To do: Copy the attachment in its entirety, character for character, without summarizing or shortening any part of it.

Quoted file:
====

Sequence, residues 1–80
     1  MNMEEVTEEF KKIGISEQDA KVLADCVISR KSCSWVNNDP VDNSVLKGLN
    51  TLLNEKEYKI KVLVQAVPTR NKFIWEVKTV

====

Sequence, residues 1–80
     1  MNMEEVTEEF KKIGISEQDA KVLADCVISR KSCSWVNNDP VDNSVLKGLN
    51  TLLNEKEYKI KVLVQAVPTR NKFIWEVKTV